I believe many find themselves in that familiar place more often than not.  In times of spiritual dryness, we need to be saturated in God. If we have become dry, it’s a good indication that we haven’t been soaking in the river that flows from God’s throne. In other words, when we become dull and to the point of not being effective for the cause of Christ, we need to get in the Lord’s presence.

William D. Boyd in his writing “I Work Too Hard” tells a story about a young man who approached the foreman of a logging crew and asked for a job. Impressed, the foreman exclaimed, “Start Monday!” Then Monday, Tuesday, Wednesday, Thursday rolled by, and Thursday afternoon the foreman approached the young man and said, “You can pick up your paycheck on the way out today.” Startled, he replied, “I thought you paid on Friday.” “Normally we do,” answered the foreman, “but we’re letting you go today because you’ve fallen behind. Our daily felling charts show that you’ve dropped from first place on Monday to last on Wednesday.” “But I’m a hard worker,” the young man objected. “I arrive first, leave last, and even have worked through my coffee breaks!” The foreman, sensing the boy’s integrity, thought for a minute and then asked, “Have you been sharpening your ax?” The young man replied, “I’ve been working too hard to take the time.”

One of the enemy’s biggest strategies is getting us so busy that we never stop to sharpen our spiritual ax.  If our ax is dull then we use our own strength until we are so ineffective we burn out. Without a discipline of prayer in our lives we will become duller with the more work we do. Even when it is good righteous work that pleases God. Prayer is one of the very things that sharpens our spiritual edge.

Unfortunately, in trying times and being spiritually depleted, many people take a sabbatical, stopping the Lord’s work to gain rest and restoration. But if we look at the scripture it wasn’t until God was done with His work, creating the universe, that He stopped and rested, (Gen.2:2). When we become spiritually dull, we need to run to God in prayer and sit at His feet, soaking in the river of life not run away from Him. I do believe we can get off balance with our work unto the Lord, as we see Martha did in the Gospels. But let me also say stopping your work to do nothing is also wrong. It is essential that we spend time in His presence in prayer. If we are continuously basking in Him we will never get dull or burned out but will instead be fired up and sharp in the things of God. So let me leave you with this last statement. Don’t get so busy doing good works that you don’t have time to pray.

Raised in Prayer

praying with sonThe April sun broke through our kitchen window. I had sleep in my eyes. My siblings and I sluggishly forced ourselves to eat our morning oatmeal. There was nothing uncommon about this morning in 1967. It began like any other typical day. Until, the telephone pierced the silence and brought all of us to attention. My mother answered in her normal cheery voice, but immediately her tone changed. Her cheerfulness went to a devastating, “Oh my God” and from that moment my life changed forever.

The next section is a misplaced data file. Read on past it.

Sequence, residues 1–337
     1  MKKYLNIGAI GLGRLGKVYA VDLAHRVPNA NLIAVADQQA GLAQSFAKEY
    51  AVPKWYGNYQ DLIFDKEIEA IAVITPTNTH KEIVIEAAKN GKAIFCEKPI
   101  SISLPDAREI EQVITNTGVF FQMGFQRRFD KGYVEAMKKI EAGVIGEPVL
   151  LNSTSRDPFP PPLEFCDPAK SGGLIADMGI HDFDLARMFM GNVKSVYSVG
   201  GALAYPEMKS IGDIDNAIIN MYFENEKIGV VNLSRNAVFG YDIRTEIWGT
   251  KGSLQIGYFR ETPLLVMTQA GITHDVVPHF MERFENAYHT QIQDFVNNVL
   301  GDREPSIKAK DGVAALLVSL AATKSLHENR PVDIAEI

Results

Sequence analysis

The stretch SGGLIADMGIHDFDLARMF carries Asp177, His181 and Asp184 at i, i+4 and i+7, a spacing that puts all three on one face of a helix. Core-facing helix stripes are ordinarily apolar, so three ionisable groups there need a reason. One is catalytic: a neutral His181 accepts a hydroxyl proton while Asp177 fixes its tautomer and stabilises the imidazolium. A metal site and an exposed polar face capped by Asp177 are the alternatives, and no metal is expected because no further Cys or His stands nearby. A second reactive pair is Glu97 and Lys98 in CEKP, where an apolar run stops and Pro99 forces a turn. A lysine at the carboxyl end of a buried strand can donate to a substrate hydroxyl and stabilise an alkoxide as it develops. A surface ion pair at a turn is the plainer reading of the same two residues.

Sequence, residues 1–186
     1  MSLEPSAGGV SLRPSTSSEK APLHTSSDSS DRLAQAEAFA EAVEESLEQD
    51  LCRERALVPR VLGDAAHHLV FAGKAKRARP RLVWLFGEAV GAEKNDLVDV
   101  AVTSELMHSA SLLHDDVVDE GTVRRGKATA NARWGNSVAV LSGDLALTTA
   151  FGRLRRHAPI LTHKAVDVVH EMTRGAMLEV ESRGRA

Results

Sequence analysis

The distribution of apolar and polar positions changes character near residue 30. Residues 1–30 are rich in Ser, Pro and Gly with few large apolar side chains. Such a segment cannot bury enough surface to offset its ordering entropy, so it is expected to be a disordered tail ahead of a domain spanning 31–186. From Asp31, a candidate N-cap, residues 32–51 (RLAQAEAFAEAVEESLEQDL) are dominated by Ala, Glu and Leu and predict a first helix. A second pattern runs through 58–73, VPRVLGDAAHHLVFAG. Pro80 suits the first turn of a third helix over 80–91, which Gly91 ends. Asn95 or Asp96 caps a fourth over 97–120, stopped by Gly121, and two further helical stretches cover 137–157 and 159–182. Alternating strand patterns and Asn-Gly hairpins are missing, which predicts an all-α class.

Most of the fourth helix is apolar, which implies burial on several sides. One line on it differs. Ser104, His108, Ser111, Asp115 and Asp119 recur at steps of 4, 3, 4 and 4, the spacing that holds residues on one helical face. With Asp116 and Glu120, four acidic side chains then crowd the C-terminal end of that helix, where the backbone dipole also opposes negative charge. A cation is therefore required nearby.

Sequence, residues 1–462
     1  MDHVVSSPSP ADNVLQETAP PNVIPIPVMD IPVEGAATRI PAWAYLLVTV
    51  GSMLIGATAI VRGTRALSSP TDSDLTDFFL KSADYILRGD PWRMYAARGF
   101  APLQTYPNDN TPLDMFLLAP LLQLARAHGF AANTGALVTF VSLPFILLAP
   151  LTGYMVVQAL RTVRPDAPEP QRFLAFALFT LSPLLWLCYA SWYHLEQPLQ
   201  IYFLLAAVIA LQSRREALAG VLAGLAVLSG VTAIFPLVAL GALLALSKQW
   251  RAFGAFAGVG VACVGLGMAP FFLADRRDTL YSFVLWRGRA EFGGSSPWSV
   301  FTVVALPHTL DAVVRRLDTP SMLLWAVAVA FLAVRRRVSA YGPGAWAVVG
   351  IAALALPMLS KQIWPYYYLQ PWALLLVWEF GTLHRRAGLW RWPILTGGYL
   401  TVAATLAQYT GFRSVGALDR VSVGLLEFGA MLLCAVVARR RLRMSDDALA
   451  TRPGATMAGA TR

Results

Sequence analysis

Our daily priorities were obliterated by the news that my dad had just suffered a heart attack (that would later become fatal). As my mother hung up she insistently cried, “Everyone go and pray in the front room for your dad.” The sluggish sleepiness that just moments earlier was so prevalent vanished as we all began to cry out to the Lord. In the midst of disaster, we prayed!

Praying became a natural response in times of crises and need in our household, because it was instilled in us as a daily way of life. I can remember how my mother loved to take walks on our ranch in the beautiful Rocky Mountains to pray. On several occasions we would run up the trail to catch her only to find her deep in prayer. It was memories like this that had a profound impact on my life.

I believe some things must be caught not just taught. Joshua had evidently caught something as he followed Moses. The young Joshua saw the results of Moses’ communion with God. He talked to God and then walked in His power every day. Joshua caught the spirit of prayer and abiding in God’s presence. I love Exodus 33:11 where it says, “So the Lord spoke to Moses face-to-face, as a man speaks to his friend. And he would return to the camp, but his servant Joshua the son of Nun, a young man, did not depart from the tabernacle.” Picture this scene: Moses returned to camp and to his responsibilities but Joshua stayed in the Lord’s presence. Evidently Joshua caught something; he understood that a life of intimate prayer and communion with God will result in a walk of power.

A lifestyle of prayer was birthed in my own life through being raised in the shadow of many great men and women of prayer. Even once I had left for college and then continuing down the road to marriage and raising a family; it seemed that God would always place me in the midst of men and women of prayer. Through colleges and seminaries rooted in prayer such as Christ for the Nations Institute and others. Speakers that taught and motivated us to minister out of the place of prayer, as well as, great Pastors such as Dr. Larry Lea, who were used to call a generation to pray. God was definitely orchestrating in me a lifestyle of prayer.